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The Implementation of an FTP Server


In the previous article, we discussed RFC 959, which defines how an FTP server should work. We also walked through some of the commands that are used in this protocol. In this article, we will be creating an example FTP server in Delphi.

Author Info:
By: Leidago
Rating: 5 stars5 stars5 stars5 stars5 stars / 24
February 05, 2007
TABLE OF CONTENTS:
  1. · The Implementation of an FTP Server
  2. · The Code
  3. · Deleting Files
  4. · Listing Files
  5. · Making and Removing Directories
  6. · Authenticating Users

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The Implementation of an FTP Server
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Required Tools

Delphi 6 or higher and Indy 10.1.5, the latest snapshot. I've only tested this application on Windows XP, so, although  I do not think you will encounter any problems on most other platforms, please let me know if you do. I will try to make the application as platform agnostic as possible.

The application

To create our FTP server, we are going to use the idftpserver component available in Delphi. This component implements all the commands needed to create a viable server application. As always, I am going to implement as many commands as possible in this application, but by no means all of them. To implement an FTP server application that meets the minimum requirements you need to:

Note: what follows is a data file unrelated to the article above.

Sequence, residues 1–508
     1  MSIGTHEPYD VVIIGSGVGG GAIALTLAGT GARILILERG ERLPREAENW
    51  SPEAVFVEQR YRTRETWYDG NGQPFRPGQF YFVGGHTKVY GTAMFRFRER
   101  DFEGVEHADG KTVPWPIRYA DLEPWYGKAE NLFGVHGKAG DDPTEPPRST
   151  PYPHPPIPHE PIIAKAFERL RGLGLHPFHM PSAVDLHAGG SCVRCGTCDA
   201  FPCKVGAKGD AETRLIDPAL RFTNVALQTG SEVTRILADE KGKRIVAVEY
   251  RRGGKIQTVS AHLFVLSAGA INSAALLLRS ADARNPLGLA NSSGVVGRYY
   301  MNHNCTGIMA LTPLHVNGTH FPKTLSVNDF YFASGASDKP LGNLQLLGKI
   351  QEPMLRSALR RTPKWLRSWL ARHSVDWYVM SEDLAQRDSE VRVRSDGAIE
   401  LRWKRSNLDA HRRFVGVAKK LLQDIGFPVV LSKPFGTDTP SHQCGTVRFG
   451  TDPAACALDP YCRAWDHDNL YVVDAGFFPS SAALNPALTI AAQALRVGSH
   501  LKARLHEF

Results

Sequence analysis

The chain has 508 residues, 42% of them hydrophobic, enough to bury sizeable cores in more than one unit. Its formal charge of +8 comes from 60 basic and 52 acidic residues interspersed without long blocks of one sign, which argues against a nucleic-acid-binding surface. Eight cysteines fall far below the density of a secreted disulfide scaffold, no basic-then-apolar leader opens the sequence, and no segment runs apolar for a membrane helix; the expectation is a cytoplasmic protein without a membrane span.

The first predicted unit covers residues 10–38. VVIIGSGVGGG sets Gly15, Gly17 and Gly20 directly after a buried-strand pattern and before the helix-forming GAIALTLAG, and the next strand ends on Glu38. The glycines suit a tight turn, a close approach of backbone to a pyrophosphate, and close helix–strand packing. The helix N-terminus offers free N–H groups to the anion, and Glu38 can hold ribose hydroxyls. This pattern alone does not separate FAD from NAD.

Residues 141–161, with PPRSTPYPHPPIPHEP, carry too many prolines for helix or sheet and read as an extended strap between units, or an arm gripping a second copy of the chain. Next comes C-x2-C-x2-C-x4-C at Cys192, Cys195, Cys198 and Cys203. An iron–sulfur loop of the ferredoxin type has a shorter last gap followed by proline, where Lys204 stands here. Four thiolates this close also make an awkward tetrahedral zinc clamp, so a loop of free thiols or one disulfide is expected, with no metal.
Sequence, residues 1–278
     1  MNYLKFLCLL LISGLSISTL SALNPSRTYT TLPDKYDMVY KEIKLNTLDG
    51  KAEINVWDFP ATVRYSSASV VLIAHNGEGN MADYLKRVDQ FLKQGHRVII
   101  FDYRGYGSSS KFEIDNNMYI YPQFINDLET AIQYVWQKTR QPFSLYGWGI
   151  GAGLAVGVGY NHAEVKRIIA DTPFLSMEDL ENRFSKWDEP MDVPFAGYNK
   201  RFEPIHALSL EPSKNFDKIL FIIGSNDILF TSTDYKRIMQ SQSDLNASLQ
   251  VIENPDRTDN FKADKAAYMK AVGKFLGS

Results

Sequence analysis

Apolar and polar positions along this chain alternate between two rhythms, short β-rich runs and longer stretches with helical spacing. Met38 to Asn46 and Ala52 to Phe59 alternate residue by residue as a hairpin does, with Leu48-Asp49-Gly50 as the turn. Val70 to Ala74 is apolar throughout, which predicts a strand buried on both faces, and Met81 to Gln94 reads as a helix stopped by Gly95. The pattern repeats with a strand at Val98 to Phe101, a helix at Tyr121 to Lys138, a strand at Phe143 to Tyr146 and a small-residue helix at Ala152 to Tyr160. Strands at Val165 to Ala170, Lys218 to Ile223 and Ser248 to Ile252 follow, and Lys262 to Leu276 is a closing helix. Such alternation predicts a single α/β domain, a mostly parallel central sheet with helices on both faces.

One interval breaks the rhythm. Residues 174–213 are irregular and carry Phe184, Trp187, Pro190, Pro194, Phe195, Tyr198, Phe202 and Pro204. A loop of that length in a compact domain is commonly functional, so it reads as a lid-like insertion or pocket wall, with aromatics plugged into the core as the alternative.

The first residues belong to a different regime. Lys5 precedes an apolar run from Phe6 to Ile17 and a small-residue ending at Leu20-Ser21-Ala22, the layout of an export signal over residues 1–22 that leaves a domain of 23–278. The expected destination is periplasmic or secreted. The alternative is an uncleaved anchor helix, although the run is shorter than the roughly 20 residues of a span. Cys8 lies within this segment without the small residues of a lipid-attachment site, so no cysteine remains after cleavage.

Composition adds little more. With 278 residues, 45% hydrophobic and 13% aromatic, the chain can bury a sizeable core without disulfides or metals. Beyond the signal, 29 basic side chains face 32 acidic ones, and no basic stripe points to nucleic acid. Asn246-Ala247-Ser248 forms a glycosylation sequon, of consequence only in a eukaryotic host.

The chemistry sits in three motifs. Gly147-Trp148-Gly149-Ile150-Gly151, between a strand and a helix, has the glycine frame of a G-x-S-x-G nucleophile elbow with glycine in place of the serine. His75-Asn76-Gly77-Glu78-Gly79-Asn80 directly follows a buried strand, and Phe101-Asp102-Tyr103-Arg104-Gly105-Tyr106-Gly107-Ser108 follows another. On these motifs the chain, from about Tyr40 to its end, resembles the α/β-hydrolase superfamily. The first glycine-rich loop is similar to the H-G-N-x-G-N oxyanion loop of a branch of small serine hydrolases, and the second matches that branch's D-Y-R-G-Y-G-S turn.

• Be able to show all files in a given directory.
  • Change and remove a directory.
  • Upload and download files.
  • Delete and view file details.
  • Authenticate a user.

There are many more commands, but you can just about get on with implementing the minimum. To see how many commands you can implement with Indy,  drop an idftpserver component on a form and look at the object inspectors events tab. Indy has done most of the interpreting of the FTP protocol, and thus makes it easy to implement the commands. 

Start Delphi and create a new application. On the form add the following components:

  •  One Memo
  • Three Edits
  • Two Buttons
  • Four Labels

In edit1's text property add "myusername" and on edit2's text property add "mypassword."  Then from the Indy servers tab drop the idFTPServer component, and from the Indy intercepts tab drop a TidServerInterceptlogfile component; rename it to logfile1.  Now we need to connect this intercept to the idftpserver component. So click on the idftpserver component, go to its intercept property on the object inspector and click on the drop down arrow. It should contain the word "logfile1." Select it and we're done.

On button1 add the caption "Connect" and on button2 add the caption "Exit." Double click on button1 and add the following code:

procedure TForm1.Button1Click(Sender: TObject); begin idftpserver1.DefaultPort:=strtoint(edit3.text); idftpserver1.Active:=true; showmessage('Connected'); end;

Then do the same for button2 but add the following code:

procedure TForm1.Button2Click(Sender: TObject); begin idftpserver1.Active:=false; close; end;

Button1 does a couple of things. It activates the ftpserver application and also sets the default port, which is number 21. The port number is very important because it is where the client application is going to try to connect to the server.  Button2 just closes down the application. Your form should now look something like this:


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